What the study identifies as “cultural affinity” is key here, too. For example, say Mexican companies decide to target Panamanian executives. Those companies need to understand what “quality of life” means for this group, and Panamanian executives thinking of making the move require a sense of what belonging to a Mexican company will entail. Branding strategies can emphasize a sense of cultural affinity (in this specific example, geographical proximity could make the task easier, as the two cultures should, at least ostensibly, have more in common).

Mutual trust is also vital. This should be reinforced by a transparent and inclusive recruitment process, particularly if companies are expecting employees to move across the world to join them. Here again, branding strategies can emphasize the significance of trust in the employer-employee relationship.


On this point, if companies focus on maintaining the quality of the work environment, talent retention should be a natural outcome. If framed correctly, the family aspect can be the glue in this process. When they decide to move to another country, executives will often be leaving established support networks. Creating the image of the new company as a welcoming family environment could be a significant factor in reassuring executives who are worried that the move could isolate themselves and their loved ones.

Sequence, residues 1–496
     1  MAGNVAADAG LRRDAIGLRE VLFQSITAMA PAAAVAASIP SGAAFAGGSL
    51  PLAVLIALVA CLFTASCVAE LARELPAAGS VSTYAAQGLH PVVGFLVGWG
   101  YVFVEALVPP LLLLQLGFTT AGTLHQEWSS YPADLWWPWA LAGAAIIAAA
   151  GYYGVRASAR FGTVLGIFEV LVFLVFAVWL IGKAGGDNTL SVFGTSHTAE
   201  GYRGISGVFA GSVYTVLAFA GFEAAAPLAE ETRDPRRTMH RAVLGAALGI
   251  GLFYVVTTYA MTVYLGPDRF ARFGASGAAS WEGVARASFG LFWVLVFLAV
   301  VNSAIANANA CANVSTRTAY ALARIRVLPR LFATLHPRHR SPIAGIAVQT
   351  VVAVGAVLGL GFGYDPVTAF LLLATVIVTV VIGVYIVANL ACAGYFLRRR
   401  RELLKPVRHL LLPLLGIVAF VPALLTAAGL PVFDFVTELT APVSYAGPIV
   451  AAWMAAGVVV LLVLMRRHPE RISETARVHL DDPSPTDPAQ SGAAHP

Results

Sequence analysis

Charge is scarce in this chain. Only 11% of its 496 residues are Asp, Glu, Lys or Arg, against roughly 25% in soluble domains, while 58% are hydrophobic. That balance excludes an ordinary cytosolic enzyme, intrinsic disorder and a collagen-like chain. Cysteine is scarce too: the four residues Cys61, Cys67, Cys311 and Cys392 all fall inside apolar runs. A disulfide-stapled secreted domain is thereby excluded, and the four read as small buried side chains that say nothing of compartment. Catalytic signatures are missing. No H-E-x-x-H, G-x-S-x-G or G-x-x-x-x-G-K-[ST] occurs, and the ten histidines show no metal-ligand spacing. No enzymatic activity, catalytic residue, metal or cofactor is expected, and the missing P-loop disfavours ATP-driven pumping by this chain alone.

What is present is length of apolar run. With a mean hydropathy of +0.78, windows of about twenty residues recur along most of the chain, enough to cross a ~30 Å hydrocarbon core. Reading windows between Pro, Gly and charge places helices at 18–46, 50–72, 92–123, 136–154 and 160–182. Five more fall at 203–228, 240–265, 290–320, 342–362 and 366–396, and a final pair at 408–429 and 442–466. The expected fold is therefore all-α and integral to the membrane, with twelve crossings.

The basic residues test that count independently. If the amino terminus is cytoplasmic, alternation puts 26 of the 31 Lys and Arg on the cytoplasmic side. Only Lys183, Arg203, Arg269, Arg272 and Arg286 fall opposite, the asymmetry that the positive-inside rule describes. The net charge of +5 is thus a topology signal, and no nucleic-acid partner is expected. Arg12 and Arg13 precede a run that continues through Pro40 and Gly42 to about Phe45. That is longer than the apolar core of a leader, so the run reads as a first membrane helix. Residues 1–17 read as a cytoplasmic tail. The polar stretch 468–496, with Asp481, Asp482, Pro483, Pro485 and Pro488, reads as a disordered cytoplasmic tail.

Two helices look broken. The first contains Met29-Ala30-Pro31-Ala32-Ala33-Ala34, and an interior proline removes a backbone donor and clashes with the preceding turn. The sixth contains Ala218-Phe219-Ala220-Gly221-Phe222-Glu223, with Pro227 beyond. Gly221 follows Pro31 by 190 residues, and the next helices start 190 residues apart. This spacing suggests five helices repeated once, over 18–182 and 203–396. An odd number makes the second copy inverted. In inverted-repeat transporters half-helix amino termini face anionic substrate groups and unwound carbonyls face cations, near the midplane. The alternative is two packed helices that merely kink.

Another important part of this is introducing and maintaining professional networks so that consistent upskilling and learning on the job are organizational priorities. Personal – rather than just economic – growth is then seen as central to the company’s ethos. 

Often, highly skilled professionals who change jobs have to navigate a new cultural landscape, with all the anxieties and difficulties that brings. This can naturally impact talent retention if the new employer fails to offer adequate support in overcoming these issues. This requires some foresight and, in most cases, will involve more than just language classes. There may be key cultural considerations that new families need first to learn about and then grow accustomed to, such as certain culinary habits or ways of socializing. To this end, the offer of cultural coaching programs can be enticing for prospective recruits. Denmark has strongly increased its talent retention through such programs.

Successfully integrating highly skilled employees into the new company is, of course, mutually beneficial. Talent feels rewarded and glad to be part of a healthy and transparent organizational culture. Moreover, companies that can recruit and retain such talent contribute to the diversification of the workforce as a whole. Our research sample showed that, in the highly skilled category of employees, non-OECD countries are the principal suppliers of talent to OECD countries. However, in terms of executive talent alone, OECD countries are the principal providers of talent to other OECD countries. This highlights the so-called “diversity deficit” and the strong need to recruit from a wider pool of international executives.